Please ensure Javascript is enabled for purposes of website accessibility

3 Utilities That Income Investors Should Be Watching

By Bob Chandler – Feb 3, 2014 at 9:31AM

You’re reading a free article with opinions that may differ from The Motley Fool’s Premium Investing Services. Become a Motley Fool member today to get instant access to our top analyst recommendations, in-depth research, investing resources, and more. Learn More

Where can investors looking for income go? Water utilities might be a consideration. Companies like American Water Works, California Water Service, and American States Water could offer shareholders both decent dividend yields and noticeable price appreciation.

Water utility companies, or businesses responsible for providing water and sewer services to residential and commercial customers, appear to be an attractive choice for investors searching for income. Product demand is secure, competition is limited, and pricing is set by regulation -- an environment well suited to provide steady and ample dividends. But some water utilities, like American Water Works (AWK -2.06%), California Water Service Group (CWT -1.48%), and American States Water (AWR -1.73%) may also offer shareholders noticeable capital gains. How can these companies offer income and potential price appreciation? 

Water and sewer systems need repair
The water-service industry could be in for some plentiful growth. Water and sewer infrastructure investment is desperately needed. Much of the U.S. water pipeline system is in need of repair. Reports indicate that a major water main breaks about every two minutes. The nation's sewer systems could be in worse shape. Of the nations' estimated 800,000 miles of sewer mains, almost half could be classified as poor or life elapsed by 2020. Water companies, which typically get nicely compensated for any capital improvements they make, should be major beneficiaries from the required repair work.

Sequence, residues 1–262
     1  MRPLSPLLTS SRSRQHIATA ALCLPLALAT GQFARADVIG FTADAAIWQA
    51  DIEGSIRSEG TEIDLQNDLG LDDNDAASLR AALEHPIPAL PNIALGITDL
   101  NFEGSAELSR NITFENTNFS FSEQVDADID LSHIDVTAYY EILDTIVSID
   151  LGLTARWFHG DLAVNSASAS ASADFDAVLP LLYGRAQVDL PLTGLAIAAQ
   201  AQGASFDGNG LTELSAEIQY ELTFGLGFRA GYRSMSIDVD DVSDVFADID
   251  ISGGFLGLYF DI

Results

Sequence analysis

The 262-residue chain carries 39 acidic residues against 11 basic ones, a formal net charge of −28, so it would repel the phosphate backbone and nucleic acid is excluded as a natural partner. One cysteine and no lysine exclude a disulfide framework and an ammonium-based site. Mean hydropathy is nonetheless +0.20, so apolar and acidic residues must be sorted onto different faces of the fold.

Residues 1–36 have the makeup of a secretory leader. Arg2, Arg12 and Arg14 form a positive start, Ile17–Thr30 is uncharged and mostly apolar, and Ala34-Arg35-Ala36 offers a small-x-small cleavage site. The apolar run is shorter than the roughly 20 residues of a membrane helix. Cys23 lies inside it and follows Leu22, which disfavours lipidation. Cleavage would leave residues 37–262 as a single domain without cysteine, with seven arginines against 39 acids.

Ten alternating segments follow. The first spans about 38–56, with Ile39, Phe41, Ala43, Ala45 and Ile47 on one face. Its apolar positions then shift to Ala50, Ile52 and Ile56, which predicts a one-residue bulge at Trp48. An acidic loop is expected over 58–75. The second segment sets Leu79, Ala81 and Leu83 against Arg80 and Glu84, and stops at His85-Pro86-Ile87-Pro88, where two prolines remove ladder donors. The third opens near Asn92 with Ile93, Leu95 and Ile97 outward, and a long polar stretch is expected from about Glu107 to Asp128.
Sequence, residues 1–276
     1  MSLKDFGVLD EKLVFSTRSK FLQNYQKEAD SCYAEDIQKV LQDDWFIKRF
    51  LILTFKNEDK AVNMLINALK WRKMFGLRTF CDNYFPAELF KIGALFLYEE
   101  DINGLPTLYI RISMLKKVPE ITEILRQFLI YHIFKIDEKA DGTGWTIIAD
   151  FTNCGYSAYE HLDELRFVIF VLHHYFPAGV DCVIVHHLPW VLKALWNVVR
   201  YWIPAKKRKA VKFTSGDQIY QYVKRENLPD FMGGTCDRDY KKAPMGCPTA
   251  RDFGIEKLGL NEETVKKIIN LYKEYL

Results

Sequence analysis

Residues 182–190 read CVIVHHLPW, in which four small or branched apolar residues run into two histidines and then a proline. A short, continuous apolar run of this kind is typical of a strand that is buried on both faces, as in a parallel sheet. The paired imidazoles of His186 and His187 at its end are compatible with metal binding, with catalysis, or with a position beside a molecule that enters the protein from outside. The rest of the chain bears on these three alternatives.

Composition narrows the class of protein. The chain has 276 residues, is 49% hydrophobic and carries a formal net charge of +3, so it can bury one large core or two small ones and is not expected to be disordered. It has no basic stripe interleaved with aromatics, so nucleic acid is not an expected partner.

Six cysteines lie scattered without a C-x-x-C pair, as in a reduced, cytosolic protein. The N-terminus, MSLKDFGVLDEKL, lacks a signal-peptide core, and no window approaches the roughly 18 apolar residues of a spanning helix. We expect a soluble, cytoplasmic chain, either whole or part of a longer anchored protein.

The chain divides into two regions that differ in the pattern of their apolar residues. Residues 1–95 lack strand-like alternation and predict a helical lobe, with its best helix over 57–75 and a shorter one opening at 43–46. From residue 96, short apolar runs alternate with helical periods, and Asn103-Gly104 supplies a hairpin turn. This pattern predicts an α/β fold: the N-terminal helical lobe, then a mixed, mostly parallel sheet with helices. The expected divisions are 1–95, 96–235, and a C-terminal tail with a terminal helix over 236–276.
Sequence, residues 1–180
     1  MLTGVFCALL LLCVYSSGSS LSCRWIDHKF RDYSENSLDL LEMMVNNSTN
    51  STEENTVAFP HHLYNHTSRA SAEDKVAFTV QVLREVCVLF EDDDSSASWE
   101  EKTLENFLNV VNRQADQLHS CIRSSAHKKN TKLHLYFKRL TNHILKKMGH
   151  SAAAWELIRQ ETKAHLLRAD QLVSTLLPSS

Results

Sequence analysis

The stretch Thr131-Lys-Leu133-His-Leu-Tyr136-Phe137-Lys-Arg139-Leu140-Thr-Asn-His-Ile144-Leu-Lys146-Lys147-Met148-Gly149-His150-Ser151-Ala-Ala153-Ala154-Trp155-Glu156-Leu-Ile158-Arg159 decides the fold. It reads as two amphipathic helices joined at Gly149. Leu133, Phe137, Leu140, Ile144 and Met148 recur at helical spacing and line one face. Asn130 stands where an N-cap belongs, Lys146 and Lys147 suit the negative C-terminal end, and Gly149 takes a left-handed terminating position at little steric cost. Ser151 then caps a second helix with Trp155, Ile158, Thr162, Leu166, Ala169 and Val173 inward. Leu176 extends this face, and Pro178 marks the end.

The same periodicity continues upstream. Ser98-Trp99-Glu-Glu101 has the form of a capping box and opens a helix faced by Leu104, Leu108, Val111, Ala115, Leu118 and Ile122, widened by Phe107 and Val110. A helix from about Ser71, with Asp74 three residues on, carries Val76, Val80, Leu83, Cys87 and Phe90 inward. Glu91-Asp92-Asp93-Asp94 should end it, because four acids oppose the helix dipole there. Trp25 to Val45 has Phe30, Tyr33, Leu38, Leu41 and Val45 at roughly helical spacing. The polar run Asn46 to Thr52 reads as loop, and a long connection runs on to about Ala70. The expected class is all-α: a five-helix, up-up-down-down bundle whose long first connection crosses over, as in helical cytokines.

A large and aggressive beneficiary
One company likely to profit is American Water Works. The largest publicly traded U.S. water and sewer utility, it aims to produce 7% to 10% long-term earnings growth. This aggressive utility's latest quarter was slightly disappointing. Income from continuing operations was down around 2% year over year, mainly due to unfavorable weather reducing demand. While water sales were down around 1%, American Water's total company sales were basically flat thanks to a compelling growth avenue, homeowner services.

American Water offers domestic homeowners and small companies protection service for damaged or blocked pipes inside and outside their locations. This business has become very popular. Revenue in the latest quarter rose 5% year over year and looks to continue growing. Recently expanding into Florida and Washington, D.C., homeowner services has added more than 250,000 new customers so far this year.

American Water currently offers a dividend yield of around 2.6% and looks fairly valued at around 14 times cash earnings. Though slightly higher than its average 12x multiple over the last couple of years, the pricing seems reasonable given the industry's outlook and the company's projected earnings growth.

Regulatory decisions matter
California Water Service is a smaller, less active water utility but also has growth potential. In its latest quarter, the utility posted a revenue gain of around 3.5% with net income down slightly from the prior year. The profit falloff was mainly due to higher purchasing costs and increased expenses from infrastructure improvements put into service. The sales gain came from approved rate increases.

Utilities need regulatory-body approval for rate changes. Regulators typically allow companies to recover their costs and gain a reasonable rate of return. California Water is in a desirable market. Most of the company's more than 500,000 customers reside in California with about half located in the Los Angeles and San Francisco areas. The company is therefore reliant on the California Public Utilities Commission's rulings for its results.